Film Review: Only You


IVF remains a rarely discussed topic in cinema, even though millions of people go through it each year, which makes Harry Wootliff’s debut feature, Only You, all the more refreshing.

It all begins, as many romantic dramas do, with a meet-cute. One New Year’s Eve in Glasgow, Jake (Josh O’Connor) a part-time DJ and PhD student, and Elena (Laia Costa) a Spanish expat working at the city’s Centre for Contemporary Arts end up sharing a cab home. It leads to a passionate one-night stand, where the couple make love to the on-the-nose choice of Elvis Costello’s ‘I Want You’. It’s the beginning of a whirlwind romance. They start dating, Jake (whose life fits in a suitcase) moves in and then they decide to try for a baby. It’s here that their troubles begin.

O’Connor and Costa make us believe whole-heartedly in their relationship. You never question their choices, we merely enjoy the emotion. Then Elena reveals that she’s nearly a decade older than Jake. “You’re going to want to fuck twenty-five-year-olds”, she says with more compassion than the line suggests.  Jake doesn’t care, he’s in love. But Elena, older and wiser, knows that love can only carry them so far. As Elena predicted, hairline cracks begin to show in their relationship, and you start to wonder if their bond will stand the test of time.

Wootliff cannily turns familiar clichés on their head with startling insight. It’s not only refreshing that the film concerns an older woman and a younger man, but it’s also the way Wootliff handles things. O’Connor’s Jake, which his crisp middle-class accent is likeable, even if he’s a little petulant and fool-hardy. Costa, who has the harder task, brings a heart-wrenching depth to Elena’s feelings of failure and frustration. It’s a performance that bleeds with compassion for her dilemma.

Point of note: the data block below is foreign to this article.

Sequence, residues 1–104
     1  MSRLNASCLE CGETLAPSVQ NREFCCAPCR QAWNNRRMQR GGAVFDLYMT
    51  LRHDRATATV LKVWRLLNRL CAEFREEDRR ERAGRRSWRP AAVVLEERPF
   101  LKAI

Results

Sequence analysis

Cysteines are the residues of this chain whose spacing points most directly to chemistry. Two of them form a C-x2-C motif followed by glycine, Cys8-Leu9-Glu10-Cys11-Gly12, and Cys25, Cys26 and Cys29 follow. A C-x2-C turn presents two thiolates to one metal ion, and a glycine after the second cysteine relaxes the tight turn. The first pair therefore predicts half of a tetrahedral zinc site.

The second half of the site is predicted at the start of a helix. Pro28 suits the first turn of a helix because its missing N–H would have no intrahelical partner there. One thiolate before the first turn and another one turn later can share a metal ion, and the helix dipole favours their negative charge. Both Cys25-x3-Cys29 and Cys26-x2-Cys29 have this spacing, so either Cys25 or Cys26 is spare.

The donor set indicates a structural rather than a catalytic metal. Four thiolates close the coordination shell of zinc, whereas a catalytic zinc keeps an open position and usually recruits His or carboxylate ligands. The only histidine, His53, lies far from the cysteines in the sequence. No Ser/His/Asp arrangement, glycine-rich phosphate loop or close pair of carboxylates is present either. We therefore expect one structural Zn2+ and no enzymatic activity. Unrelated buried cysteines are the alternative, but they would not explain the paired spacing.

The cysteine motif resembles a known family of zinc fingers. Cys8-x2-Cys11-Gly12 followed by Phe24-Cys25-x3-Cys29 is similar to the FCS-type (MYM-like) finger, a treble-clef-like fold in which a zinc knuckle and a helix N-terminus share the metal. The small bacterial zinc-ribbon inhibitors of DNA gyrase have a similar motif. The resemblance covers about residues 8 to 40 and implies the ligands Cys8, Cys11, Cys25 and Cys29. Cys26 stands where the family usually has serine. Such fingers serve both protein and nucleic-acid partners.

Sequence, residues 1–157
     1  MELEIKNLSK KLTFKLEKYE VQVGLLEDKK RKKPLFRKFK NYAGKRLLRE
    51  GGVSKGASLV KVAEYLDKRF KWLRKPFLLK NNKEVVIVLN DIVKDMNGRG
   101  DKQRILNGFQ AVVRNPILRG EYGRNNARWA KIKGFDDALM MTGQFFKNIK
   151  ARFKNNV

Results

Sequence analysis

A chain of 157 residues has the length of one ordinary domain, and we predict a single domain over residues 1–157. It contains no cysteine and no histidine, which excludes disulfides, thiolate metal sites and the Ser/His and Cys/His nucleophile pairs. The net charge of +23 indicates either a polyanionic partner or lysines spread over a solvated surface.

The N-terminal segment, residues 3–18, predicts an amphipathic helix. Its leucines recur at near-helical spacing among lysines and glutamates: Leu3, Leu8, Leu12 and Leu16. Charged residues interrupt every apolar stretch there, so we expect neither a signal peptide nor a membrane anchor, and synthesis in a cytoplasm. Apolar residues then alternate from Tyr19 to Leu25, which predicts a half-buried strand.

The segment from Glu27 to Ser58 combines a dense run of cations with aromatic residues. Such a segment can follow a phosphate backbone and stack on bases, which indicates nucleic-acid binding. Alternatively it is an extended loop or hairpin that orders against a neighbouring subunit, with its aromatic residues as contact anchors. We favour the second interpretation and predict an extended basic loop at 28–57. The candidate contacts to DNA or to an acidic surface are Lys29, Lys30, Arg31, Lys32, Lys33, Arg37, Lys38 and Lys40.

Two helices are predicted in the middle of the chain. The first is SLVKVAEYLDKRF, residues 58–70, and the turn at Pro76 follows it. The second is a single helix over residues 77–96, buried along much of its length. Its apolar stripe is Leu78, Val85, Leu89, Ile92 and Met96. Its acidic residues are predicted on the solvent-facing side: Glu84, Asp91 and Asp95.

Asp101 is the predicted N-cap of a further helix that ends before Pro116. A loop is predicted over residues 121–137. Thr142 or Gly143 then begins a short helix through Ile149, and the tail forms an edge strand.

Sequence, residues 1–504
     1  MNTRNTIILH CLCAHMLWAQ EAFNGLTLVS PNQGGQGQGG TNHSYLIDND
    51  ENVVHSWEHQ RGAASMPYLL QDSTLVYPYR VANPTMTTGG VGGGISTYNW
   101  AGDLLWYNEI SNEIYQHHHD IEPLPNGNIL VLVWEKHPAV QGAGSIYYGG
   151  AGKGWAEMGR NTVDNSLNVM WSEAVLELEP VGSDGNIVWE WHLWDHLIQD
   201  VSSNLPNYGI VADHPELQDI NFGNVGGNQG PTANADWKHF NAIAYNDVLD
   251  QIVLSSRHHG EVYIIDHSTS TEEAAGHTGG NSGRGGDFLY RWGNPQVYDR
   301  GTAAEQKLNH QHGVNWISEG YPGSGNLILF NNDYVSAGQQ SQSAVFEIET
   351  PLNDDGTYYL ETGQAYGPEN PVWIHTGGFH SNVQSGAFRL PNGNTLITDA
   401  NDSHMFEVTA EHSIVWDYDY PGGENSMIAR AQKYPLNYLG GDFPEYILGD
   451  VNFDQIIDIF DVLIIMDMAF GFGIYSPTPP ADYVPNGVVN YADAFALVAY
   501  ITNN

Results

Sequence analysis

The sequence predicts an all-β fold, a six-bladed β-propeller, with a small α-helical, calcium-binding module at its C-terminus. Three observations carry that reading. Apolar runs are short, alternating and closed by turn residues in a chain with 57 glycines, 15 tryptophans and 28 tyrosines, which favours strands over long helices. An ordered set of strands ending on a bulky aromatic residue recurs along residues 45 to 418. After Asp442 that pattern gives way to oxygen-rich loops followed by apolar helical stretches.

It’s not just Wootliff’s characters that are refreshingly rendered. The backdrop of Glasgow, captured by Shabier Kirchner’s saffron-tinted cinematography, has never looked so beautiful. Of course, there’s no rhyme or reason as to how a middle-class Brit and a Spanish woman have ended up there, but that really is by-the-by.

Wootliff’s script occasionally buckles under the psychological weight of the story, with one too many clichés sneaking through despite the originality of the concept (Jake calling Elena “Mrs Robinson” feels a little off).

Last year, Tamara Jenkin’s Private Life, starring Kathryn Hahn and Paul Giamatti, charted similar territory, and admittedly did it with greater success. Nevertheless, Wootliff has crafted an emotionally rich debut which will leave you excited to see what comes next.

Joseph Walsh | @JosephDAWalsh

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